Ikon Customs’ Land Rover Defender. Picture: Instagram Ikon Customs
Ikon Customs’ Land Rover Defender. Picture: Instagram Ikon Customs

Aussies build real life Hot Wheels car

A BRISBANE father and son have brought their love of Hot Wheels model cars to life with a heavily modified Land Rover Defender.

The bright orange off-roader uses the shell of a 1985 Land Rover, but just about everything else has been replaced, creating one of the most distinctive cars on the road.

The car was inspired by Hot Wheels model cars, produced by American toy maker Mattel and reportedly collected by the Brisbane guys for more than 15 years.

While Hot Wheels models use the basic shapes of real cars, they're typically heavily modified to inject some hot rod flavour into them - something that was apparently the inspiration for this radical Defender.

Looking like it should be cruising Sunset Boulevard in Los Angeles, the pimped and very orange off-roader has been tweaked and tuned so that it barely resembles the simple original that is one of the world's most iconic cars.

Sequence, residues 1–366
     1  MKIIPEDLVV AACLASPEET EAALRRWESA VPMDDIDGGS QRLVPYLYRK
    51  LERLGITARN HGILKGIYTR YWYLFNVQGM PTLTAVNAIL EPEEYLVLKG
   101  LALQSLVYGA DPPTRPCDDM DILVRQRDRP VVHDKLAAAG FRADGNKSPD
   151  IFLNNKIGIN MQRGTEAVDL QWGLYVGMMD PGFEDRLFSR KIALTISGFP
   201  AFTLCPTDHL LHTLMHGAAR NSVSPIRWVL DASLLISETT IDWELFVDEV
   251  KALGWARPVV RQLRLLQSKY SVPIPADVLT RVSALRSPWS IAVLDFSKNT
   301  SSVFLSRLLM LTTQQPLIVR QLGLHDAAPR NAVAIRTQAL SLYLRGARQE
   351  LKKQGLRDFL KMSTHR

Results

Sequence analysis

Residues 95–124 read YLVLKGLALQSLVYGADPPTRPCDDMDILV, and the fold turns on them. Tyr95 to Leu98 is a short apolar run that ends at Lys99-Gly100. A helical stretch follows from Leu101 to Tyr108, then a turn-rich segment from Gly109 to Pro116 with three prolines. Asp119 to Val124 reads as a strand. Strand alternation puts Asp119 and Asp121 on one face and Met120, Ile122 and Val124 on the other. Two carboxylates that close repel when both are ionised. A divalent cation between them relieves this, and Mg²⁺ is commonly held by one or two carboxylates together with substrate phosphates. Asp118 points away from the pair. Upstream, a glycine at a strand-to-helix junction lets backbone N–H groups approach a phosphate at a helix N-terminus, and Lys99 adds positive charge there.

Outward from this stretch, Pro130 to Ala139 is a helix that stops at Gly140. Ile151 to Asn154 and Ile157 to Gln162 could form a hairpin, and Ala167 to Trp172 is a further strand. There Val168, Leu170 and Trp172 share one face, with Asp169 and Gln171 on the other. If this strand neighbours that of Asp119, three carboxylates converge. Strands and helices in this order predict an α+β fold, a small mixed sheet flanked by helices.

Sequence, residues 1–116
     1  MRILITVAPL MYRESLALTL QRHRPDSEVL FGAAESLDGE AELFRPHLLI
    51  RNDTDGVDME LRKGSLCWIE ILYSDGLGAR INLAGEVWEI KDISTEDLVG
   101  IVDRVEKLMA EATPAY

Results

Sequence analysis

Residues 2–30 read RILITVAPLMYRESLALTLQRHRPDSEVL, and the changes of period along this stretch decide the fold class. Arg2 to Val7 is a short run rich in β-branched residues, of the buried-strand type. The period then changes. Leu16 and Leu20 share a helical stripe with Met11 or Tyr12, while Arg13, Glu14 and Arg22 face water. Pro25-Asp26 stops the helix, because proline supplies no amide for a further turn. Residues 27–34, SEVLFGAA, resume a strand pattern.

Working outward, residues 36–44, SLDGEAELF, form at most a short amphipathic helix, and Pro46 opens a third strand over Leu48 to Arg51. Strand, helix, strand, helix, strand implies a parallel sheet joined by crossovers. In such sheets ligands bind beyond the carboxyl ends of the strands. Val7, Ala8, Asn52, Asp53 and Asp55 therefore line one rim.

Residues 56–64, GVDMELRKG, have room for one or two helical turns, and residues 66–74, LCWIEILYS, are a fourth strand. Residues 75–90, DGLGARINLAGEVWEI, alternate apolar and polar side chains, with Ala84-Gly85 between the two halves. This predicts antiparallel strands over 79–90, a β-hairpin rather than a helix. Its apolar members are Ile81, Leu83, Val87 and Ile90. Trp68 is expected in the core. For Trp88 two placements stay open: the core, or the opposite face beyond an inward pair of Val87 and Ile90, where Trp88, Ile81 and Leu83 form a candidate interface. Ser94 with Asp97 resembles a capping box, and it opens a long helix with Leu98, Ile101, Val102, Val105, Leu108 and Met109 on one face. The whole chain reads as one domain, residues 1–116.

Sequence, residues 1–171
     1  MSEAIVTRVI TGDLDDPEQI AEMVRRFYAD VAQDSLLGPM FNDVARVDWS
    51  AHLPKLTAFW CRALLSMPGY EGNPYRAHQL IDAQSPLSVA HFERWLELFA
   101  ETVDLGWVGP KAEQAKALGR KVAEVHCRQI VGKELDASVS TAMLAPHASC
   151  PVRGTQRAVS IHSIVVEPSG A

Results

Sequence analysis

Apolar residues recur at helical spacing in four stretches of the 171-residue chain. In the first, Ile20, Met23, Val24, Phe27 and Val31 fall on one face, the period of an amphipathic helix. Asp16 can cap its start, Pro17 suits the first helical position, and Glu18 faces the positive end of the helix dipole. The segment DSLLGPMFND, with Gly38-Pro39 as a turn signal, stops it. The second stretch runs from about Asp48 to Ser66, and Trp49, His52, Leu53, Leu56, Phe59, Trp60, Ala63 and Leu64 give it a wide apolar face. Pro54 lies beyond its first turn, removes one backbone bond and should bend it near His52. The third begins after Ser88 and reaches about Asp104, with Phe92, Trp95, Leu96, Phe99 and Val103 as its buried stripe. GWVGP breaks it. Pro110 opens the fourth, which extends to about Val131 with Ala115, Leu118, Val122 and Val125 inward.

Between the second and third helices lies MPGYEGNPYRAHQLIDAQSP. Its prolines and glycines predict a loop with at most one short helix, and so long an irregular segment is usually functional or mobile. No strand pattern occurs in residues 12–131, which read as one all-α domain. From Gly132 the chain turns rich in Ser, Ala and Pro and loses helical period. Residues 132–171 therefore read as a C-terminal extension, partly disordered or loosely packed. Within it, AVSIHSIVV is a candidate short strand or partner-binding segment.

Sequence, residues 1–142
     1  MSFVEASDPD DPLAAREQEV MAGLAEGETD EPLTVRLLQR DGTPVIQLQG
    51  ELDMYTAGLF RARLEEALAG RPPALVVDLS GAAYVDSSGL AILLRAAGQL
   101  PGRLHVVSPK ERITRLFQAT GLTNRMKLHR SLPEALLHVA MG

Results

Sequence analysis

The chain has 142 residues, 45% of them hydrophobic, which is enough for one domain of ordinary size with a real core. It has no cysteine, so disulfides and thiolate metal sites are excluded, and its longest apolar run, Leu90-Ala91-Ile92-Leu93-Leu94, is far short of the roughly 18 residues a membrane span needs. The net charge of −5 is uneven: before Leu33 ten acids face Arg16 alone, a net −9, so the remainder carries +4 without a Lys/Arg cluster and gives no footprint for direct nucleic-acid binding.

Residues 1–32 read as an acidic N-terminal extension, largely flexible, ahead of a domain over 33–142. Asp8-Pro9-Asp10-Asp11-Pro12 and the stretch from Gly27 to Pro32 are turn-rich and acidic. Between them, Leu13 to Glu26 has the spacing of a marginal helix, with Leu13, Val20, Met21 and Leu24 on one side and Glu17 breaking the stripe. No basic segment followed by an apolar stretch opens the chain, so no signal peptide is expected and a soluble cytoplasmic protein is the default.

Key to its look are enormous wheels shod in low profile tyres and colour-coded skirting all around.

There are also flared wheel arches in black, some of the many black highlights that stand out against the bright orange paint.

Publicising the hashtag Ikon_Customs, every detail appears to have been touched; even the tiny circular brake and indicator lights have been replaced with more modern LEDs, while LED strip lights have been placed under each circular headlight.

The orange theme continues inside, too, albeit among traditional circular gauges and controls, the mix of retro and modified Hot Wheels adding some visual spark.

Rather than the underpowered diesel engine, the Hot Wheels-inspired Defender is powered by a Chevrolet LS2 6.0-litre V8, something sure to amplify the noise and performance.

It is the same basic engine used in various Holden Special Vehicles models, where it was producing 307kW of power.

While the Defender retains its snorkel - for ensuring the engine gets fresh air when driving through water - it's unlikely the car retains its superb off-road ability, instead focusing on aesthetics and on-road performance.